Ratcliffe will also be able to decide what documents are publicly released in expanding congressional investigations into Obama administration officials, especially Joe Biden, Trump’s presumptive 2020 opponent. Worth noting: Ratcliffe’s predecessor, Dan Coats, was confirmed in 2017 with a 85-12 vote.

The backdrop: Trump previously floated nominating Ratcliffe for the position last year but backed off after senior congressional Republicans deemed him “unqualified” for the job due to his lack of intelligence experience.”


Drip, Drip Drip

Politico “Rep. Michael Pompeo was just three years into his national political career when he was tapped to join the panel to probe the killing of a U.S. ambassador in Benghazi — an investigation that ended up focusing intently on Secretary of State Hillary Clinton. Now, Secretary of State Mike Pompeo is in Foggy Bottom, and Congress is beginning to take an intense interest in him.
TWO key House panels — the Oversight and Foreign Affairs committees — have sent a letter requesting documents of Pompeo and the State Department, probing a series of private dinners he hosted at the agency’s headquarters, and the replacement of the inspector general.
SAUDI ARMS SALE “Secretary of State Mike Pompeo disregarded the advice of high-level officials at the State Department, Pentagon and within the intelligence community in invoking an emergency waiver last year to circumvent congressional review of billions of dollars in arms sales to the U.S. allies in the Persian Gulf region.  … That decision was under investigation by a government watchdog who was fired last week at Pompeo’s urging, and it has fueled renewed accusations from lawmakers that the Trump administration bucked the will of Congress and even violated the law when it fast-tracked the weapons sales. …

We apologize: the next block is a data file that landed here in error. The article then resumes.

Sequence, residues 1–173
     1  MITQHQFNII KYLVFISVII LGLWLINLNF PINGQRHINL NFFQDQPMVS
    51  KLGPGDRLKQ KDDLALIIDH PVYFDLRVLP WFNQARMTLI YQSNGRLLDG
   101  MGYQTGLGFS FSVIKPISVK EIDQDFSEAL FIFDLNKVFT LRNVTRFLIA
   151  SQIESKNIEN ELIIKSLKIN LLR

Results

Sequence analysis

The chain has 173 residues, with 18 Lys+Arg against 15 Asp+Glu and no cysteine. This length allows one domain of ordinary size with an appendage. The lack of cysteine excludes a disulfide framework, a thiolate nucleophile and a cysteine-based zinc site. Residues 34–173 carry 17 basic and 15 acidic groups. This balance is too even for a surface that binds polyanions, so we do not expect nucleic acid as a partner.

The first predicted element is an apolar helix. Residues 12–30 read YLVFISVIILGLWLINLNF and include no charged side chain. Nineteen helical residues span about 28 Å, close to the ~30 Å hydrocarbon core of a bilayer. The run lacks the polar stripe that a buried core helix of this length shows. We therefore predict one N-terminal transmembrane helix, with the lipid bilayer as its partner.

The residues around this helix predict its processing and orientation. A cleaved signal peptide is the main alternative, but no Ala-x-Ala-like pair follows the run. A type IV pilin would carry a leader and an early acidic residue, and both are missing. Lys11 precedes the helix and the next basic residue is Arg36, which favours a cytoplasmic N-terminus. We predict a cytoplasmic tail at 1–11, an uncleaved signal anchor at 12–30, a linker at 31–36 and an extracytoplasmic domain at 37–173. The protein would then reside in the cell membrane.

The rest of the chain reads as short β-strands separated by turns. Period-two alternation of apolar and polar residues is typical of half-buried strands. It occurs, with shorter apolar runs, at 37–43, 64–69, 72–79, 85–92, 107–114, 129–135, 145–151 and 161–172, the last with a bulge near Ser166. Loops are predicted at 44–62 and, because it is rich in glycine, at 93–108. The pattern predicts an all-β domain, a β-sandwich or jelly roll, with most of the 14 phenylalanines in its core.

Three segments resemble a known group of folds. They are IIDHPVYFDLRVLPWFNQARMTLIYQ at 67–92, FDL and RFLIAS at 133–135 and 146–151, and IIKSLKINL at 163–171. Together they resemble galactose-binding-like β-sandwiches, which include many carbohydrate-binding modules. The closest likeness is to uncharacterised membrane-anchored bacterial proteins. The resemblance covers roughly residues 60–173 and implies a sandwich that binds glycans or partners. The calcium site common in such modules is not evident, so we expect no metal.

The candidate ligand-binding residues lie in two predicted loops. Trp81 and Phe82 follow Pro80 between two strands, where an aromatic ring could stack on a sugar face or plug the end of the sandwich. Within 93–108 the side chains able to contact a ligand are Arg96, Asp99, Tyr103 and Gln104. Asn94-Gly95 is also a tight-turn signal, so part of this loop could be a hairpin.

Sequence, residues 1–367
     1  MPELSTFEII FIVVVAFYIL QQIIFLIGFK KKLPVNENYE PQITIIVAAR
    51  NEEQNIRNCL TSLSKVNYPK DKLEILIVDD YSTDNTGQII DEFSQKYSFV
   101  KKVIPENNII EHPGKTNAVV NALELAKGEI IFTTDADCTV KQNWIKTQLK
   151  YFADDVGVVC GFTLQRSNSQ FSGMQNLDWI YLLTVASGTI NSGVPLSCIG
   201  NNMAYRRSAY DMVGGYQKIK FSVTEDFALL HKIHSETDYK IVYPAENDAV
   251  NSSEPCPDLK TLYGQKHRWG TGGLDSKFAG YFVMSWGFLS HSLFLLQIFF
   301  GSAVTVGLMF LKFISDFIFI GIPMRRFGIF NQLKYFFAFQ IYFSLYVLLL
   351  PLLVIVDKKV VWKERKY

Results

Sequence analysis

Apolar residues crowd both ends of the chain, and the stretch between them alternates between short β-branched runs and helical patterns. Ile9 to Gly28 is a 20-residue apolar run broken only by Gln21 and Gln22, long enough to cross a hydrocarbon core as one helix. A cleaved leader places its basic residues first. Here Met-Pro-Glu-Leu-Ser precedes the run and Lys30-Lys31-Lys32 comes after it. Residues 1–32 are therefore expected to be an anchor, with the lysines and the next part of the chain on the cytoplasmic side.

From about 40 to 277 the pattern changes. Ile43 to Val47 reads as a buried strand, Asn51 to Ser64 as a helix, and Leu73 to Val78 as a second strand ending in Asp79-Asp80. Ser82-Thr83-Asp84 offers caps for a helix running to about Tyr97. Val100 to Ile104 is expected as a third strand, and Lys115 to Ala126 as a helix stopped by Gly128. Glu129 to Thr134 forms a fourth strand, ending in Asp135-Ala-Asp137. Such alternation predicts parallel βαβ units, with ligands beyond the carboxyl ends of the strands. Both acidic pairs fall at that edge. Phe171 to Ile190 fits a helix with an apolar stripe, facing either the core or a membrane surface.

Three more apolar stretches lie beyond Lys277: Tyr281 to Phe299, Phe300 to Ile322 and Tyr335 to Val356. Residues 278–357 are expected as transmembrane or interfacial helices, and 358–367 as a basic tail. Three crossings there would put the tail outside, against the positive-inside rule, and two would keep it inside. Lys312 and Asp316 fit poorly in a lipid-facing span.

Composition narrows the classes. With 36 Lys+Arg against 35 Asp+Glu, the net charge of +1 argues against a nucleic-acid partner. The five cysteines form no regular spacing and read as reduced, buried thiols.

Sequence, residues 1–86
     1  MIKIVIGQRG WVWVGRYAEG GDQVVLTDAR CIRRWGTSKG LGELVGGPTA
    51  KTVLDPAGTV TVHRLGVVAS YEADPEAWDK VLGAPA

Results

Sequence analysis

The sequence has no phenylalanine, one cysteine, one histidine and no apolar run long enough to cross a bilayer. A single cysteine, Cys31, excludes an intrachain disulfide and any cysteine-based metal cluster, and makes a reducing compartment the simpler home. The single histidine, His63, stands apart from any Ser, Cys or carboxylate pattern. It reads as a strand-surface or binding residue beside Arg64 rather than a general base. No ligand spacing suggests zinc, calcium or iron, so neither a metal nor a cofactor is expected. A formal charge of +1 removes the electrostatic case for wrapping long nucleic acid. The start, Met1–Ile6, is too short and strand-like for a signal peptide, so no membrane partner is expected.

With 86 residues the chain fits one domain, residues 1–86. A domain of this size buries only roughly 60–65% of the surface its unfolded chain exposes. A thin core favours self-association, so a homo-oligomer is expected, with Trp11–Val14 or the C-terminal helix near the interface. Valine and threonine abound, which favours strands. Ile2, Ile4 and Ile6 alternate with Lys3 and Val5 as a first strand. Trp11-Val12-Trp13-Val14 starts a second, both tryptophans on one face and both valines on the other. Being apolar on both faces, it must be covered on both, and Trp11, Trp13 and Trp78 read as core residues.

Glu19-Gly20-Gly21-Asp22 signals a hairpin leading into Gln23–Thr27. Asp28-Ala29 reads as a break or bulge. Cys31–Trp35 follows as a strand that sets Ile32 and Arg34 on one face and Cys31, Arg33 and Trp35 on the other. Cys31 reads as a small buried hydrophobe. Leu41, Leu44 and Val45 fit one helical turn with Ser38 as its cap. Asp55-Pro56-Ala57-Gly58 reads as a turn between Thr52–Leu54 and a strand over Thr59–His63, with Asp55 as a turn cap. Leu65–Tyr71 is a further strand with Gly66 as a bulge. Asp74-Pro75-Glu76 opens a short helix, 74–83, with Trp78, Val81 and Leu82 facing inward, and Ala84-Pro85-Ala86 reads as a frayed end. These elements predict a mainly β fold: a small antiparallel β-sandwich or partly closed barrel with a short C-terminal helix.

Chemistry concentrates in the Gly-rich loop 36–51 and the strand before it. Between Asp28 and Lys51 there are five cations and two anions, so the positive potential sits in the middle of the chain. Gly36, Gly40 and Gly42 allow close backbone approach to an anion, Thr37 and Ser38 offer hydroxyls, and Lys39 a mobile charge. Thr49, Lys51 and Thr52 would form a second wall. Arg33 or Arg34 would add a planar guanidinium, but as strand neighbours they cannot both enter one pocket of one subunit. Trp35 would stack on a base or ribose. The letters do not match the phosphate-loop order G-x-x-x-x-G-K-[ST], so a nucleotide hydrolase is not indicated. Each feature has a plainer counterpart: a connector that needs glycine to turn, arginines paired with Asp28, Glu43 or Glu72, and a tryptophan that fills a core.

MORE … NYTs “Secretary of State Mike Pompeo made a secretive trip in January to a Florida retirement enclave populated by prominent Republican donors while on the tail end of a diplomatic trip to Latin America. He held the same kind of quiet meeting in December with Republican donors over a hotel dinner on a State Department trip to London. And last October, he huddled with Charles G. Koch, the Republican billionaire and a longtime supporter of his, while on an official visit to Kansas aboard a government aircraft.

“In each of those instances, Mr. Pompeo did not put the visits on his public schedule. … And they took place as Mr. Pompeo was considering a run for the Senate from his adopted home state of Kansas and as he nurtures plans for a presidential bid in 2024. Mr. Pompeo … has not tried to hide his political ambitions, but he has chosen not to disclose certain meetings that appeared to be linked to those plans while on taxpayer-funded trips.”


Terrifying Virus Stats

1. “If the United States had begun imposing social distancing measures one week earlier than it did in March, about 36,000 fewer people would have died.” (NYT)
2. “Front-line health-care workers still experienced shortages of critical equipment needed for protection from the coronavirus into early May.” (WashPost)
3. “3 billion people around the world do not have a hand-washing facility with water and soap at home.” (World Bank)
4. “Confirmed coronavirus infections world-wide passed 5 MILLIION. The U.S. has recorded more than 1.57 million confirmed infections with a death of 94,661 (as of yesterday). (WSJ)